Maybe you can shape the role you’re in to suit your strengths. Maybe you can refine your knowledge or add extra skills that will help you play to your strengths in your existing role. Ignore aspects of your job or tasks that distract from optimizing your abilities. One way to do this is to use the FREE - Focus, Release, Educate, Expand- method to improve in specific areas.
The goal is to enable you to bring your strengths to the front and leave your weaknesses behind. You should understand how your strengths are used in work and when you use them. If you feel certain strengths are not being used properly, try looking at different ways you can use them. Finally, don’t be afraid to refine your skills and shape them around your job. It will benefit you in the long run.
Minimize your participation in tasks you don’t like and focus on tasks you do.
Everyone has parts of their job they don’t like. These are usually the tasks that you struggle with. They are the ones where your weaknesses are most prominent. If these tasks are limiting your potential, then use the STOP - Stop, Team-Up, Offer Up, Perceive - method to remove them from your role.
You can simply stop participating in the tasks you dislike and see what the outcome is. You might realize that the tasks you are doing are pointless and have no bearing on your job. Removing those tasks will increase your productivity and reduce your stress. Alternatively, you can team up with a colleague who enjoys the tasks you don’t.
Maybe you can find a way to swap roles or a colleague might be able to help make difficult tasks easier. Another way to handle these tasks is to offer to do other jobs that suit your strengths. It never hurts to ask. If all else fails, try looking at the more difficult tasks with a different perspective and see if there is a way you can align it with tasks you enjoy doing.
You can achieve an outstanding performance if you surround yourself with strong team players.
One of the perks about being part of a team is that there is always an opportunity to reshape your roles within the team. In a strong team, there will always be people who have skills that you don’t and you can use that to your advantage. But first, you have to make sure you’re all on the same page.
Talk with your team about strengths and weaknesses so that you understand where everyone thrives in their roles. Use this as a chance to highlight your strengths and the reasons you want to shape your job to focus on them. The team needs to understand you’re trying to do what’s best for everyone and not just yourself. Offer other colleagues the same opportunity to present their strengths so you all know how to best function as a group and get the best results.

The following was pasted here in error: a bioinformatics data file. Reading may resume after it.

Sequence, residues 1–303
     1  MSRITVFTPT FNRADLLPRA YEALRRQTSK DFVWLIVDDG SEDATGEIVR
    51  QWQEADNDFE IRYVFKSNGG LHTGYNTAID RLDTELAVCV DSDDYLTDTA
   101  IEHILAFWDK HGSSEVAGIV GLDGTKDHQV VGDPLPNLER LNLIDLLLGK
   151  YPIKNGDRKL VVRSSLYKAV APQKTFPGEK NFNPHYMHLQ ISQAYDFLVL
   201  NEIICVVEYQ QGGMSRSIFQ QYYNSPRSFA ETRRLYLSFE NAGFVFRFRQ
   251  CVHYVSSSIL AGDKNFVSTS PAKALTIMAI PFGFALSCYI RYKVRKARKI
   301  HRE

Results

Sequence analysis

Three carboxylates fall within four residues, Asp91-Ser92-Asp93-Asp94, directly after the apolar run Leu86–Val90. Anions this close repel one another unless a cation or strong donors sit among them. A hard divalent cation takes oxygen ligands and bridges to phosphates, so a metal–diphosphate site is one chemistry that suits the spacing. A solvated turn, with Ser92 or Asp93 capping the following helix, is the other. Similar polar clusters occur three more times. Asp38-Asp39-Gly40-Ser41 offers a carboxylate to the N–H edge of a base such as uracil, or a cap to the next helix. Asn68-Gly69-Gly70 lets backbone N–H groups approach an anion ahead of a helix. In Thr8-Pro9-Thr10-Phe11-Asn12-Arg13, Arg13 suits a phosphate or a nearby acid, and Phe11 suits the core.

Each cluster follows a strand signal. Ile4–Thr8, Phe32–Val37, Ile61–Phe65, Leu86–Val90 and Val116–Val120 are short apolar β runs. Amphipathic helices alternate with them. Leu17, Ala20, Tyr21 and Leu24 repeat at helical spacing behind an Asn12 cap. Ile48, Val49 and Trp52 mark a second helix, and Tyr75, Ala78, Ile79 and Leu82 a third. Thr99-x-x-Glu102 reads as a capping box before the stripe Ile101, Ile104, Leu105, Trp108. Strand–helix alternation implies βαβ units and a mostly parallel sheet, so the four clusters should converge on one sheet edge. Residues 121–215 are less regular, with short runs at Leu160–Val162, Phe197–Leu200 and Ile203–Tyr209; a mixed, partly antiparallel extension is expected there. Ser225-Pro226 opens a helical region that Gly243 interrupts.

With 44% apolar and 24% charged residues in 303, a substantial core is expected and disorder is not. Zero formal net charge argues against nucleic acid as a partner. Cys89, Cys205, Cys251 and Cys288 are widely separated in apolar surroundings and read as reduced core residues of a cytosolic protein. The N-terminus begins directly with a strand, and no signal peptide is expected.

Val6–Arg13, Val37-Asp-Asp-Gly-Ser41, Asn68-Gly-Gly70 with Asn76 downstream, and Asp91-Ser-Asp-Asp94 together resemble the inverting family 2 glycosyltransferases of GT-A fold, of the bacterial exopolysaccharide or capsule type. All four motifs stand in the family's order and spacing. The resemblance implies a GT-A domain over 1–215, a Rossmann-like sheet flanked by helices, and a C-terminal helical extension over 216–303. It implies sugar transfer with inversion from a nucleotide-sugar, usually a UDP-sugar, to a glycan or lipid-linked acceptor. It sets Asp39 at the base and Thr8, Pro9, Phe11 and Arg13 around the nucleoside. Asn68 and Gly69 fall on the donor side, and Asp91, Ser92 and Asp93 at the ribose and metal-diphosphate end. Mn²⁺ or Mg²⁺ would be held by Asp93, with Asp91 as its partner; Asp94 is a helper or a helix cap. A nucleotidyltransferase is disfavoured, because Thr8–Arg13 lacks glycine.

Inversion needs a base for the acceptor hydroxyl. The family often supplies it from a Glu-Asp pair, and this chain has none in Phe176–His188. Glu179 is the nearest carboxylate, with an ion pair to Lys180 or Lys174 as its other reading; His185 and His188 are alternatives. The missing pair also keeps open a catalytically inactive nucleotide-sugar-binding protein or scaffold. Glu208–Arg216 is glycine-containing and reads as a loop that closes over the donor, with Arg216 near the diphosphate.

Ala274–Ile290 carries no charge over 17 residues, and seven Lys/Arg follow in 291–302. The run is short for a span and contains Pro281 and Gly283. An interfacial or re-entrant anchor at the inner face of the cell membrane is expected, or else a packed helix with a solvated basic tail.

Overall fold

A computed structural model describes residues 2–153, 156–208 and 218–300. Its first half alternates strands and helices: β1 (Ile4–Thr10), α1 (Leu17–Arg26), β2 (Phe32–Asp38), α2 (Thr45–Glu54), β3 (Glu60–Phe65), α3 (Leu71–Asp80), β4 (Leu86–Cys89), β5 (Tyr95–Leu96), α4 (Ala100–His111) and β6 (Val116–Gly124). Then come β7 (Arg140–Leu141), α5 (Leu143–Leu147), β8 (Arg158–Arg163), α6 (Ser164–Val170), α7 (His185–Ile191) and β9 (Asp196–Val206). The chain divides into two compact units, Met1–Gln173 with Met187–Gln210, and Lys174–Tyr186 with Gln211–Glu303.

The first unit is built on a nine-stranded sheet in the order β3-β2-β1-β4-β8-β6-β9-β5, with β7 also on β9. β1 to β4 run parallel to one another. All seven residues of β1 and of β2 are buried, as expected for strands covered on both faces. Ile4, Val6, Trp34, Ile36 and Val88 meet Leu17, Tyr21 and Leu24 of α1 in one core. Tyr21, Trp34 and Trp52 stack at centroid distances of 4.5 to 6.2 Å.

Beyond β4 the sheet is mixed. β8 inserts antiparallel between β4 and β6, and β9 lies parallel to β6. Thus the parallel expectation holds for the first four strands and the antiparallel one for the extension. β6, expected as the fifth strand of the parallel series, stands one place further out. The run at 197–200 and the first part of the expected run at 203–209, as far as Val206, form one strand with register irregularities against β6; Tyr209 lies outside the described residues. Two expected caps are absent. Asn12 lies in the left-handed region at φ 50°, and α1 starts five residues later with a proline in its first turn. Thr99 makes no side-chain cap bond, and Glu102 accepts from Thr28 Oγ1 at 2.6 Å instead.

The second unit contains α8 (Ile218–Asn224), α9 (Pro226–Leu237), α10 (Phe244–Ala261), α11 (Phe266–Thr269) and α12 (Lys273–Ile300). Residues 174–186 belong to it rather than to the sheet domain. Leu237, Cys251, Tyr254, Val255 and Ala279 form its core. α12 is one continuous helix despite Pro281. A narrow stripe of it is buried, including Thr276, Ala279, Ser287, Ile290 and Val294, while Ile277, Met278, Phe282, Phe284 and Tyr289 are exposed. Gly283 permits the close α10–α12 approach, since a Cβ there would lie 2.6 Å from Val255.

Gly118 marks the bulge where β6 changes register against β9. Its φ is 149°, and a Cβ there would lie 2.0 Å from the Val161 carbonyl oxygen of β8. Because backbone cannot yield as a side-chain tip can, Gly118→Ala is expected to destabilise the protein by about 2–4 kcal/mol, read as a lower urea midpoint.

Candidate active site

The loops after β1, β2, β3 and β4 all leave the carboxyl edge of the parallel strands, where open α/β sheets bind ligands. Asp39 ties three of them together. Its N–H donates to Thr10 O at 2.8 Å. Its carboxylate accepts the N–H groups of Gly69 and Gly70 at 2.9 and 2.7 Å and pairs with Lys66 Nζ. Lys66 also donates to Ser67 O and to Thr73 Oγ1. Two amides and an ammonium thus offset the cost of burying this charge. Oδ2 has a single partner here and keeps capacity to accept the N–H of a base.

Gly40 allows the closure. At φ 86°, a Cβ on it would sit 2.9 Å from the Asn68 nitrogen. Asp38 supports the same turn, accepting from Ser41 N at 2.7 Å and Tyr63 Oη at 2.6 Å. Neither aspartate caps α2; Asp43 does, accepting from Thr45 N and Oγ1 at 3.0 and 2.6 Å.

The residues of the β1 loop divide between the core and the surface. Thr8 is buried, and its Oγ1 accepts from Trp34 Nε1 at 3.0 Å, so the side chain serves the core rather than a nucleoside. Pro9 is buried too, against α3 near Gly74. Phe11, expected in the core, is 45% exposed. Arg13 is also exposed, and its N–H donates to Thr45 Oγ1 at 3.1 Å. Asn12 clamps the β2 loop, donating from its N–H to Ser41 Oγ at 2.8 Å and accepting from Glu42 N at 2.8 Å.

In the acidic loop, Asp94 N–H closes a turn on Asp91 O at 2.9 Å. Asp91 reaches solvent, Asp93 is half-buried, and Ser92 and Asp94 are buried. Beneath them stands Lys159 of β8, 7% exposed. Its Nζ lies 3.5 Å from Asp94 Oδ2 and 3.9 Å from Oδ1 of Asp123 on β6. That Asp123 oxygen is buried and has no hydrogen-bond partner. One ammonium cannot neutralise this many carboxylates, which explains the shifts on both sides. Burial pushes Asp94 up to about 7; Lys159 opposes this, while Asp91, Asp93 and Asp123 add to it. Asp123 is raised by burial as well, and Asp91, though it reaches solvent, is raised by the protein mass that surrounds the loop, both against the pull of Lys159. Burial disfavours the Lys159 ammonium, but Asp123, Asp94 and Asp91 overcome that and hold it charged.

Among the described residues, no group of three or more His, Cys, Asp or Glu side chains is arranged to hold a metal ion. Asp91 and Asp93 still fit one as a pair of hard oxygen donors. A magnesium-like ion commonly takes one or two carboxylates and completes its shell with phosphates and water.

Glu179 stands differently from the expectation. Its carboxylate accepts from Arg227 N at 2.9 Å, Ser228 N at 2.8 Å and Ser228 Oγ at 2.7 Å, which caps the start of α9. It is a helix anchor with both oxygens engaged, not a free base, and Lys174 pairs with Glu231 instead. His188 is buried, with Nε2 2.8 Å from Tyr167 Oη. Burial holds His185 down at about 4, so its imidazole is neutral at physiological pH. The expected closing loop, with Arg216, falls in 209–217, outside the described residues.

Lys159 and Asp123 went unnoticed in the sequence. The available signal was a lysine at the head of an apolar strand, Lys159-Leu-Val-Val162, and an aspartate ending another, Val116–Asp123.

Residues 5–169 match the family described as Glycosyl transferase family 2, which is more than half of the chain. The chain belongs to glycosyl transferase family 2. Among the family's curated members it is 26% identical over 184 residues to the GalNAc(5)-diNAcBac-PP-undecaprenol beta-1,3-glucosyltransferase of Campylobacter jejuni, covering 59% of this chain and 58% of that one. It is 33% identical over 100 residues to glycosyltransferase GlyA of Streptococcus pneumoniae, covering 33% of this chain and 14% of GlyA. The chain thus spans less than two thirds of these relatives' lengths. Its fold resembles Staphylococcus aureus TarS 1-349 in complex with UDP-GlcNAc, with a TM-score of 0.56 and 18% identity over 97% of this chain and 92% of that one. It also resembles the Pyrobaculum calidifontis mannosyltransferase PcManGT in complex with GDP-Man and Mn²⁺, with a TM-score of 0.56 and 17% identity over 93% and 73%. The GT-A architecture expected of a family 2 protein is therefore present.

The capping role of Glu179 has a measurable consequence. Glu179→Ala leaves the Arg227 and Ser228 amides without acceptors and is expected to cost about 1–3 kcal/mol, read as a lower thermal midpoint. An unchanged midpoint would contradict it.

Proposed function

After the team discussion, you should write an action plan with timelines so that you have a clear direction for the group. If you have to clear the plan with a manager you also have something to present them with that will help you argue your case. Ultimately, you are stating the case for how your team can yield excellent results if everyone works to their strengths.
In contrast, if you’re the manager who is being approached, you need to understand what the team needs. While you want to make sure every part of the team is happy, you also need to make sure they are performing to the best of their abilities. Assess the realities of their plan but also allow yourself to be flexible and open to changes within the team roles.
To maintain your outstanding performance, you have to maintain your strengths.
Your performance is constantly changing as your job evolves. To maintain your strengths you should incorporate an evaluation of your abilities into your daily routine. This way you can be sure you are constantly performing at a high level. You should take the time to look at three strengths and two weaknesses that need refining.
Every week, identify two ways you can remove weaknesses and increase your strengths. By constantly evaluating and taking actions you can increase your performance levels and remove the weaker aspects of your job. As you continue to do this you will grow your strengths and be able to consistently achieve an outstanding level of performance in your job.
The Main Take-away
Growth requires understanding your abilities and consistently working to improve them.
Being an outstanding performer takes a lot of work. Be honest with yourself about your abilities and don’t be afraid of removing work that doesn’t help you. By constantly evaluating your strengths and weaknesses you will reach your goal of achieving an outstanding performance
About the Author
Marcus Buckingham is a best-selling author and an internationally renowned consultant. A graduate of Cambridge University, he has worked with numerous multinational corporations including Toyota and Disney.
Buckingham has authored and co-authored five best-selling books which have sold more than 3 million copies. As a keynote speaker, Buckingham has addressed more than 250,000 people around the world. His workshops are highly successful and his workshop for talented women has been downloaded more than a million times.
Originally from the United Kingdom, Buckingham now lives in Los Angeles.